shamrock

Vegetarian

I've decided to switch to being vegetarian.

This is definitely at least somewhat prompted by hanging around with [personal profile] liv and [personal profile] jack a lot more lately, although neither of them has been evangelising to us about it! (Something about this seems to invite possibly inappropriate religious metaphors; I almost wrote "convert" rather than "switch" above.) And of course ghoti went vegetarian herself a few months ago, and since she does most of the cooking in our household that tended to cut down my meat intake anyway. The children still eat meat, so I could have asked to keep having meat as well, or could have made myself corned beef sandwiches or whatever for lunch, but somehow neither of those seemed to happen. Maybe this is the seductive allure of halloumi at work?

I think, really, I'm generally looking for ways to tread a bit more lightly upon the earth. We gave up our car a couple of years back, which definitely started with a practical prompt (an MOT test that came back with uneconomical-to-repair problems), but was also a way to improve fitness and reduce our energy footprint. I do take plane trips a couple of times a year, mostly for work, which I suppose wipes out practically every other thing I could possibly do, and I'm not totally convinced that individual action is the way to deal with climate change anyway; but these seem like weak excuses for not doing what I can in other respects. Livestock agriculture is ecologically expensive.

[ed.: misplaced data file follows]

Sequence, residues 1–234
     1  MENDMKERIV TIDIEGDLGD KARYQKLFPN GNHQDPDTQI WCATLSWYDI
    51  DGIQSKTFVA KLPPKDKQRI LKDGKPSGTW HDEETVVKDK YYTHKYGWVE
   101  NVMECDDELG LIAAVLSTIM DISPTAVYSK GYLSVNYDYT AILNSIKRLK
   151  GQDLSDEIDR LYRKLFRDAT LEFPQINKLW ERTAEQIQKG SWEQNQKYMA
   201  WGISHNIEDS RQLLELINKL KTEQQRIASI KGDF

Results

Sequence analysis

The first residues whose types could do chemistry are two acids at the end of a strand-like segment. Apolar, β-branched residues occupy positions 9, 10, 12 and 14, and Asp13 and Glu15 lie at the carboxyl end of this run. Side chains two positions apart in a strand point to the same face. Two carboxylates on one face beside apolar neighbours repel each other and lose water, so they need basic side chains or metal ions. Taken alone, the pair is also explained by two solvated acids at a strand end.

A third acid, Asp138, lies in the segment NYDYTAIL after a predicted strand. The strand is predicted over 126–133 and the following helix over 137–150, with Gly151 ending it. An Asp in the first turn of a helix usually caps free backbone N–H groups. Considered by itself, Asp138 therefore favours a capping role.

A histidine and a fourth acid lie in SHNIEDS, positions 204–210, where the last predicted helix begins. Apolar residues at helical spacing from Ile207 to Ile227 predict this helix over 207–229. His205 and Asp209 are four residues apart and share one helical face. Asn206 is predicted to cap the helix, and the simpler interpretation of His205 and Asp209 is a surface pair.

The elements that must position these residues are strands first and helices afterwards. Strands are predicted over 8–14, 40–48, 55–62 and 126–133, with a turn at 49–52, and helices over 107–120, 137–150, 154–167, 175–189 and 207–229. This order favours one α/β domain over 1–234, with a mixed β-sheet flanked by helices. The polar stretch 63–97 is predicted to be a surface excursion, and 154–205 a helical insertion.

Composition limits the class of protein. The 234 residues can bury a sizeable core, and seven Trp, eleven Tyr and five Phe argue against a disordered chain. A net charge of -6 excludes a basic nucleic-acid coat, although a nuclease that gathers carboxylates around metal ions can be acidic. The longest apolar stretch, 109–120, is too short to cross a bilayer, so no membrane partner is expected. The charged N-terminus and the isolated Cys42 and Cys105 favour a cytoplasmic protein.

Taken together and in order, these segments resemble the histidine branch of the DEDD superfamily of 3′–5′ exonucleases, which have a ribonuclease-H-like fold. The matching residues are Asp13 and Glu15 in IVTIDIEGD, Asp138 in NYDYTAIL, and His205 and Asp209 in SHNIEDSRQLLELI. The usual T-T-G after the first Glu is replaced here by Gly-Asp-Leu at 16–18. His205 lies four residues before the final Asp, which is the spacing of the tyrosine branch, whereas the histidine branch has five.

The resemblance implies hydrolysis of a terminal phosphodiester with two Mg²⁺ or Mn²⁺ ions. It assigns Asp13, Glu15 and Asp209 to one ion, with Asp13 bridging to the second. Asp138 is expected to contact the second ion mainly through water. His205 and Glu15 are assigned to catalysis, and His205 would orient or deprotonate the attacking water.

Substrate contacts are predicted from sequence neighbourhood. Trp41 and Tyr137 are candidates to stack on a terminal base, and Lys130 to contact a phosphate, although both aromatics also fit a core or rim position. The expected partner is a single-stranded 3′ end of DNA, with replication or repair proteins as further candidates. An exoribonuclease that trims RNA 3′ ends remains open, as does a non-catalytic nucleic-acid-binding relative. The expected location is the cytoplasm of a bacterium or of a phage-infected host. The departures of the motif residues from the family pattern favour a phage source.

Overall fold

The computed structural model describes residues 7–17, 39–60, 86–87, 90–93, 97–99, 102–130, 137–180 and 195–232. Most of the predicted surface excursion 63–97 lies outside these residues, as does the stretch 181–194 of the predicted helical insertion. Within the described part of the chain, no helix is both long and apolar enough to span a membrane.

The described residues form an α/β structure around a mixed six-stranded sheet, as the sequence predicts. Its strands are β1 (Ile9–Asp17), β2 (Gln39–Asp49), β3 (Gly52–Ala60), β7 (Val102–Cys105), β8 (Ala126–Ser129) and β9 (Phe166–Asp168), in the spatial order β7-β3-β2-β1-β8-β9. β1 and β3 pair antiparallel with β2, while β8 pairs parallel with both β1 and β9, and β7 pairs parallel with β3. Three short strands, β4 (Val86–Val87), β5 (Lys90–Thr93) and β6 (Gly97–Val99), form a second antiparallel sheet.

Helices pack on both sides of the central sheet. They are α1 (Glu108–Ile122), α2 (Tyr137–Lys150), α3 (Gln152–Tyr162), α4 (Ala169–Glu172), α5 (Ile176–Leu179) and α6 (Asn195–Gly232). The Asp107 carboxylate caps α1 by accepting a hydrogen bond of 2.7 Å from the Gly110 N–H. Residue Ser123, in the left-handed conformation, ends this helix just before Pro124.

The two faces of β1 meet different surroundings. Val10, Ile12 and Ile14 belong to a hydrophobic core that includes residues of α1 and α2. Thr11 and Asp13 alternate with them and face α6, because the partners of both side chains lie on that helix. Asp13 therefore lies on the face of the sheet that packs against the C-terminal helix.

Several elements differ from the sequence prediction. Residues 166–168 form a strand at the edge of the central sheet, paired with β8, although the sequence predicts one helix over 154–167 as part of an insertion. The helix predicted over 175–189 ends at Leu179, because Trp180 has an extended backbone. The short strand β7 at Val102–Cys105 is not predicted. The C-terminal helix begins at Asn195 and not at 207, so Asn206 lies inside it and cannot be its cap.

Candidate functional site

At this point I'm not being careful about things like gelatine or rennet, nor about cooking equipment that's also used for meat; I'm just refraining from the actual eating of chunks of dead animal.

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shamrock

Weekend and reading

Our three-year-old has chickenpox, so he's in quarantine until he ceases to be contagious. He's dealing with it pretty well really - some scratching, not too serious - but of course cabin fever is beginning to set in a bit, and it threw our weekend plans completely out of kilter: I'd planned to take them up to Dad's for a day or so and then take them to a child's birthday party, neither of which got to happen. So instead I did a bit of crafting with them that didn't require too much creativity from me ("Duct Tape Dragsters"; quite cute, though the interest seemed to pall almost as soon as we'd built them, but hopefully they'll pick them up again a bit later), and have otherwise mostly been decompressing and trying to at least establish some kind of base camp on the housework mountain. This evening ghoti and I played Monastery, which I think worked much better the second time although the rules are still not the clearest piece of writing in the world and I had to resort to BoardGameGeek to disambiguate, which was OK until I failed to correctly explain what I'd learned to ghoti and ended up inadvertently gaining an advantage as a result. Hopefully next time we'll know what we're doing.

So, recent reading. My reading rate is way slower than a lot of other people I know these days, but I've managed to finish a few things recently.